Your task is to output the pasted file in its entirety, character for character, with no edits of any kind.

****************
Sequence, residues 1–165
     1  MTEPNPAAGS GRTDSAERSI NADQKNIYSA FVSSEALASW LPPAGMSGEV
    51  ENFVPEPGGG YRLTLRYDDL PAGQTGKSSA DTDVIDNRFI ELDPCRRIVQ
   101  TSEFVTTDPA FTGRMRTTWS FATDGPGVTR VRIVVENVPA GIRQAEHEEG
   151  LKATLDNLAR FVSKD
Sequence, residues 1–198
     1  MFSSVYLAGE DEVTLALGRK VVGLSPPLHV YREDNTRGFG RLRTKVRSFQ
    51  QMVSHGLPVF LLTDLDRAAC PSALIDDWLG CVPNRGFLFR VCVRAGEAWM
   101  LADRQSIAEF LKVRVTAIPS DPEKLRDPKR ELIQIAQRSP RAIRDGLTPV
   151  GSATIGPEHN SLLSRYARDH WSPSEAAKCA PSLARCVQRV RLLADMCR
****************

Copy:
Sequence, residues 1–165
     1  MTEPNPAAGS GRTDSAERSI NADQKNIYSA FVSSEALASW LPPAGMSGEV
    51  ENFVPEPGGG YRLTLRYDDL PAGQTGKSSA DTDVIDNRFI ELDPCRRIVQ
   101  TSEFVTTDPA FTGRMRTTWS FATDGPGVTR VRIVVENVPA GIRQAEHEEG
   151  LKATLDNLAR FVSKD
Sequence, residues 1–198
     1  MFSSVYLAGE DEVTLALGRK VVGLSPPLHV YREDNTRGFG RLRTKVRSFQ
    51  QMVSHGLPVF LLTDLDRAAC PSALIDDWLG CVPNRGFLFR VCVRAGEAWM
   101  LADRQSIAEF LKVRVTAIPS DPEKLRDPKR ELIQIAQRSP RAIRDGLTPV
   151  GSATIGPEHN SLLSRYARDH WSPSEAAKCA PSLARCVQRV RLLADMCR